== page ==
Missouri House to vote on sales-tax bill Thursday

Wednesday, April 15, 2009 | 12:01 a.m. CDT; updated 6:50 p.m. CDT, Monday, May 18, 2009

*The name of the bill referenced in this story is House Joint Resolution 36. A previous version of this article misstated the name.

JEFFERSON CITY — State representative Chris Kelly, D-Columbia, spoke early and clearly in his support of *House Joint Resolution 36 on Tuesday afternoon. Kelly joined a mostly Republican majority in approving the sales-tax resolution for perfection and printing. The resolution received no amendments and should face a final reading and vote Thursday.

“I applaud and support the work of the gentleman,” Kelly said of the resolution’s handler, Rep. Ed Emery, R-Lamar. “I choose the sales tax over the income tax."

HJR36 would allow Missourians to amend the state’s constitution at the polls in 2010 by abolishing the state’s income, corporate and estate taxes. HJR36 gives Missouri voters the option to increase the state’s sales tax from 4.225 percent to 5.11 percent and to broadly expand the state’s tax base by applying the tax to services as well as consumable goods.

Kelly was one of few Democrats to vote for HJR36, and he was the only one to speak in support of it. He said he sees reevaluation of the tax structure as a matter of practicality.

“The sales tax is far more universal and harder to escape than current income taxes,” Kelly said. Missouri's “income tax has become a cesspool for special-interest lawmaking.”

Kelly thinks a “simple and transparent” tax structure such as Emery’s could clean up Missouri’s tax practices.

“The sales tax has so many practical advantages,” Kelly said. “And it is far more popular with the people, regardless of income or education. ”

Kelly added: “Popularity is a legitimate measure of how we ought to tax.”

Kelly’s fellow party members, however, were less supportive of HJR36. Emery spent roughly two hours fielding questions from skeptical Democrats.

“I am concerned with the regressivity this would cause,” said Rep. Jeanette Oxford, D-St. Louis. “It’s moving the tax burden down on those Missourians earning less.”

Oxford, who had words with Emery and Kelly over the issue during a committee hearing on the bill, said lower-income Missourians would be most affected by the tax because they spend more of their income on things that would be taxed, compared with wealthier Missourians.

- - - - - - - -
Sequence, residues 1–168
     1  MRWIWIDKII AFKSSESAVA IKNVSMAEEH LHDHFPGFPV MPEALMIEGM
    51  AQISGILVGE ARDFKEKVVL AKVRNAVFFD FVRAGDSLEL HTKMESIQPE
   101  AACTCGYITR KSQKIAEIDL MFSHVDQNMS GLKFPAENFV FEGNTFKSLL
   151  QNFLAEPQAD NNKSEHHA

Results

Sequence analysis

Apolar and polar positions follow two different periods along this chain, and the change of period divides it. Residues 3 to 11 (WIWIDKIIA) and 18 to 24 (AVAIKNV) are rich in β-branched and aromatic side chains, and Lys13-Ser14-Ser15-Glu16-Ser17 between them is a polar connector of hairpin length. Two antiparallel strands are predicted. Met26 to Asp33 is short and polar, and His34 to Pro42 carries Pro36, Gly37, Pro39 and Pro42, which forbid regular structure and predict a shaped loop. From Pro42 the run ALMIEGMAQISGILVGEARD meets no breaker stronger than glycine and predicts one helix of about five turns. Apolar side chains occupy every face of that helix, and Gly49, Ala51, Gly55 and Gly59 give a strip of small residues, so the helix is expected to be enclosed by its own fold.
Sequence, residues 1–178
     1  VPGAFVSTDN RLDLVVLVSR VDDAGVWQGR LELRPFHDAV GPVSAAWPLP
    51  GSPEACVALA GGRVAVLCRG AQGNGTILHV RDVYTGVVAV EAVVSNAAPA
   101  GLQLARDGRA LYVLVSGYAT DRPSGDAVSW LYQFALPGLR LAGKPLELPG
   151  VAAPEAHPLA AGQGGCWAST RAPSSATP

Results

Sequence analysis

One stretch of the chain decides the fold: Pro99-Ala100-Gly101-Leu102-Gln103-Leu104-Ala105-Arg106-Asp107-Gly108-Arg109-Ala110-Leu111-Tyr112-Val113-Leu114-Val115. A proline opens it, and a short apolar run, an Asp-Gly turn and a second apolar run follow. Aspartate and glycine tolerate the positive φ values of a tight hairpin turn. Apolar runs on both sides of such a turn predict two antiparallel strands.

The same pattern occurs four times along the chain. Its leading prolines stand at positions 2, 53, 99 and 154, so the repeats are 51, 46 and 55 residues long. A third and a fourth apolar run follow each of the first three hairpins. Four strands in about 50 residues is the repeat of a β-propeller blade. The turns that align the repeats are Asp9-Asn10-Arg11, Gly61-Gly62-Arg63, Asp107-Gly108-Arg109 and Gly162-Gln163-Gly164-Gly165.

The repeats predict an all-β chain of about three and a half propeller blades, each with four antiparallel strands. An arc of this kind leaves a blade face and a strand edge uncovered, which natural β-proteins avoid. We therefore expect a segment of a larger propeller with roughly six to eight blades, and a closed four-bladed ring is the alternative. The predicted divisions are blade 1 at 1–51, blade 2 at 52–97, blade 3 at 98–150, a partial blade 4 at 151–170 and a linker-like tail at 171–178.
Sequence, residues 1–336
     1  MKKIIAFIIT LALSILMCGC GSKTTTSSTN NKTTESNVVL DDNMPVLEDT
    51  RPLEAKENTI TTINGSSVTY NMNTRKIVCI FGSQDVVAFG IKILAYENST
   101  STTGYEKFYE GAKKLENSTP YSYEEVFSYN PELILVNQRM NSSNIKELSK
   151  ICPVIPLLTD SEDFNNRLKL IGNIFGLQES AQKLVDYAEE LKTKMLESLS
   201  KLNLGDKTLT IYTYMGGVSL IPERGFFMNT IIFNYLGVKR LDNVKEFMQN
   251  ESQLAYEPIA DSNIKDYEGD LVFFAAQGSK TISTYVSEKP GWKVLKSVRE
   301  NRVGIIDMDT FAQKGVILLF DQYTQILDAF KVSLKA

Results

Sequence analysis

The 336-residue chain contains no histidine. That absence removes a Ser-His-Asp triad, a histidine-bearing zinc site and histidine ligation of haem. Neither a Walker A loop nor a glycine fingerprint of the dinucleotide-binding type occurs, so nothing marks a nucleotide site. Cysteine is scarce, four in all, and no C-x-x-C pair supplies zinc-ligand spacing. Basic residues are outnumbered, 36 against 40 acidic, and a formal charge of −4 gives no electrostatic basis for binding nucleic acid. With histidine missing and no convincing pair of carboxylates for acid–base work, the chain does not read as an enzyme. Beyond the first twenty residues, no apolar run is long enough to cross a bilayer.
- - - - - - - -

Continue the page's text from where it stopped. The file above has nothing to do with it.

“Families with low incomes spend three-fourths of their incomes on items that would be taxed,” Oxford said. “But the wealthiest in this state would be paying only a sixth of their income” toward state taxes.

Kelly said he agrees that the sales-tax could have a regressive effect but feels the broadening of the tax to services and sales could alleviate such regressivity.

“When you place a tax on services, you tend to tax the rich more than the poor,” Kelly said. “The rich spend more on services.”

Emery said the resolution’s tax prebate — which was included to help ensure that Missourians living at, near or below the poverty line wouldn’t be drastically impacted by a new tax system— should help offset any increased costs to Missourians. Under the proposed prebate, households could expect a tax refund every month to offset the cost of living.

“Anyone can get the prebate,” Emery said. “The only people who wouldn’t get a prebate are those people who are here illegally.”

Democrats including Assistant Minority Leader Rep. JC Kuessner of Eminence, questioned the efficacy HJR36 would have if enacted.

“I’m skeptical that the services (that would be taxed) are there to make up for $7 billion in lost revenue … with just a .8 percent increase in sales taxes,” said Rep. Trent Skaggs, D-North Kansas City.

“If (Emery) can convince me that a .8 increase in the sales and service taxes will generate the $7 billion necessary for state revenues … I will vote for this bill.”

Other Democrats also questioned whether or not Missourians would choose to pay a higher sales and service tax rather than go out of state for those goods or services.

Kelly said close attention needs to be paid to such concerns, but on the whole the resolution was the best solution for Missouri’s economy.

“By taxing consumption, and not income, you will see a lot less volatile revenue stream,” Kelly said earlier. “We’ll see less revenue problems with this.”

Both Emery and Kelly said they were pleased with the progress the resolution made Tuesday afternoon. Emery expects the final reading and vote to happen Thursday, and is confident it will pass in the House.

“The best way for people to attack this concept of a fair tax is with the threat of the unknown,” Emery said. “The fact is, this is the best thing Missouri can do for long-term economic viability.”

Added Emery: “I’ve never seen (the potential for) such a powerful economic tool in my time in the legislature.”


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